Terminal Server in VS .NET

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Appendix
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Terminal Server
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A- 5
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Figure A-1
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The Terminal Services Home Folder setting of a user account
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Installation of the Remote Desktop Client
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The Remote Desktop client (Mstsc.exe) is installed by default on all Windows Server 2003 and Microsoft Windows XP computers. The client supports all 32-bit Windows platforms, and can be installed with Group Policy on Windows 2000 systems, or with other software deployment methods on earlier platforms. Once installed, the client can be tricky to locate in the Start menu. Look in the Accessories program group under Accessories, and then create a shortcut to the client in a more accessible location.
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After a 120-day evaluation period, connections to a computer running Terminal Server will not be successful unless the terminal server cannot obtain a client license from a Terminal Server License Server. Therefore, as part of your Terminal Server deployment, you must install a Terminal Server License Server, preferably on a server that is not a terminal server. Use Add/Remove Programs to install Terminal Server Licensing. You will be asked whether the server should be an Enterprise License Server or a Domain License Server. An Enterprise License Server is the most common configuration, and the server can provide licenses to terminal servers in any Windows 2000 or Windows Server 2003 domain within the forest. Use a Domain License Server when you want to maintain a separate license database for each domain, or when terminal servers are running in a workgroup or a Windows NT 4 domain. Once installed, Terminal Server Licensing is managed with the Terminal Server Licens ing console in Administrative Tools. The first task you will perform is activating the Ter minal Server License Server by right-clicking the Terminal Server License Server and
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Appendix
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Terminal Server
choosing Activate Server. Once the server has been activated, client license packs must be installed. The Help and Support Center includes detailed instructions for this pro cess. Terminal Server Licensing supports two types of client access licenses (CALs): Per Device and Per Session. Both types of CALs can be managed by the same Terminal Server License Server. Terminal Server Licensing is maintained separately from server and client access licenses (CALs) for Windows Server 2003. See 9 for a discussion of managing licenses for non-Terminal Server servers and clients.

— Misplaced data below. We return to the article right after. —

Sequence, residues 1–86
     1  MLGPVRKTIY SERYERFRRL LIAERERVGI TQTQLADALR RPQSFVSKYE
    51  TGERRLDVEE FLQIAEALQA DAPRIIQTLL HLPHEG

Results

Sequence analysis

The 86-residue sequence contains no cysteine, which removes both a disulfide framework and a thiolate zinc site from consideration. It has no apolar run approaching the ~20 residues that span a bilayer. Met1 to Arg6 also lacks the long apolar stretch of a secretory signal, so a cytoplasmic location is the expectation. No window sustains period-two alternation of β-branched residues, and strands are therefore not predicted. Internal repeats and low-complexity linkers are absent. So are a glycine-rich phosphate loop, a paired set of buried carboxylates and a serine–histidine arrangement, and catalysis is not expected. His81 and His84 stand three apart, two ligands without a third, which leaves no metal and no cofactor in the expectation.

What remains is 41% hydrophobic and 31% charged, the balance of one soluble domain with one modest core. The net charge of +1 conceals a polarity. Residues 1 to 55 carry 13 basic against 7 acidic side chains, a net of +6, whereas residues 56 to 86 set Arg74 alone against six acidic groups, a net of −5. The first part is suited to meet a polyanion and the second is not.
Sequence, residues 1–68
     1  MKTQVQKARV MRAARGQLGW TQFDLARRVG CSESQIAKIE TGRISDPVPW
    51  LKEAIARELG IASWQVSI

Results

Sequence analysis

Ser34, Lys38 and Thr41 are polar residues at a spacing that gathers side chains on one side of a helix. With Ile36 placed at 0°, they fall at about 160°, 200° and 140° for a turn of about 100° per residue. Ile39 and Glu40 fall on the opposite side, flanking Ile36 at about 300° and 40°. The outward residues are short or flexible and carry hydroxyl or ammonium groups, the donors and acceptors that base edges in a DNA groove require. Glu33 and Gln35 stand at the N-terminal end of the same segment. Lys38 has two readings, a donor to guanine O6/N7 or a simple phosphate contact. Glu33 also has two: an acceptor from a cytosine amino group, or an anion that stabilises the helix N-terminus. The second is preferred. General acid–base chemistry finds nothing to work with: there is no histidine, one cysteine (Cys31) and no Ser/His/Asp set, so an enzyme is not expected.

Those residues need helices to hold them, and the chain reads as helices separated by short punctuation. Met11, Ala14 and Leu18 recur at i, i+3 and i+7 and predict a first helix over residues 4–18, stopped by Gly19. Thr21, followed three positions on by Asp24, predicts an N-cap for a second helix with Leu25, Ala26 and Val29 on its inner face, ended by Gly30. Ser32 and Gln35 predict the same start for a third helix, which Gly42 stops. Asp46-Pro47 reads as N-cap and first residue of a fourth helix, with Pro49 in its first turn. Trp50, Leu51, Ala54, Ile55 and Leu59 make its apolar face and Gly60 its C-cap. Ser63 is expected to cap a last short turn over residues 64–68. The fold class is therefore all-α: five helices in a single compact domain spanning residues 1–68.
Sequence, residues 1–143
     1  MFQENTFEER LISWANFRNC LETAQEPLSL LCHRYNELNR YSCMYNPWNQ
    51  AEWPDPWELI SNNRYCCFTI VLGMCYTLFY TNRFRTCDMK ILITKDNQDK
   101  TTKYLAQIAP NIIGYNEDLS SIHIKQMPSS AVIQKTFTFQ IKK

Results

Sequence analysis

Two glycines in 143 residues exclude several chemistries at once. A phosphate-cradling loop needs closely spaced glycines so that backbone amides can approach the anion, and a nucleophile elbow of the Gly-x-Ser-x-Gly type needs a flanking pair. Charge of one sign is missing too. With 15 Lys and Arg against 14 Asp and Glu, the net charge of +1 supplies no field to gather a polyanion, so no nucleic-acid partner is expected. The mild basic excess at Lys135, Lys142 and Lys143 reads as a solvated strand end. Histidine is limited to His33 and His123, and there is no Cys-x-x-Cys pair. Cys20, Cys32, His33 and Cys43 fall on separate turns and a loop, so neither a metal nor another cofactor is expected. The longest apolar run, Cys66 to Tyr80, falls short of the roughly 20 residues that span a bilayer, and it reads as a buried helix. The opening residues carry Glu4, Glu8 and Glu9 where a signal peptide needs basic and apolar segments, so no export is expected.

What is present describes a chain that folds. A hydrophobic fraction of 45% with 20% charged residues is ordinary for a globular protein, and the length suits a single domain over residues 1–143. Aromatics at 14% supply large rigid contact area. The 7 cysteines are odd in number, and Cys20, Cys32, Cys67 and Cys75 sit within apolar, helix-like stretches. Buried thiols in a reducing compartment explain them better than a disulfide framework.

Exam Tip Terminal Server CALs are licenses for the connection to a user session on a terminal server; you must still consider licensing requirements for applications that users access within their session. Consult the applications End User License Agreements (EULAs) to determine appropriate licensing for applications hosted on a terminal server.
Managing and Troubleshooting Terminal Server
Several tools exist that can configure terminal servers, Terminal Services user settings, Terminal Services connections, and Terminal Services sessions. These include Group Policy Editor, Terminal Services Configuration, Active Directory Users and Computers and the Remote Desktop client itself. This section will help you understand the use of each tool, and the most important configuration settings, by examining the creation, use, and deletion of a user session.
Points of Administration
There are several processes that occur as a user connects to a terminal server; and at each step, there are opportunities to configure the behavior of the connection. The Remote Desktop client allows 32-bit Windows platforms to connect to a terminal server using the Remote Desktop Protocol (RDP). The client has been greatly improved over earlier versions of the Terminal Services client, and now a wider variety of data redirection types (including file system, serial port, printer, audio, and time zone) and supports connections in up to 24-bit color. The client includes numerous settings that configure the connection and the user s experience. Some of those settings are shown in Figure A-2. Settings are saved Remote Desktop Connection (.rdp) files that can easily be opened for future connections, or distributed to other users as a con nection profile. Settings in the .rdp file or the Remote Desktop client affect the current user s connection to the specified terminal server.
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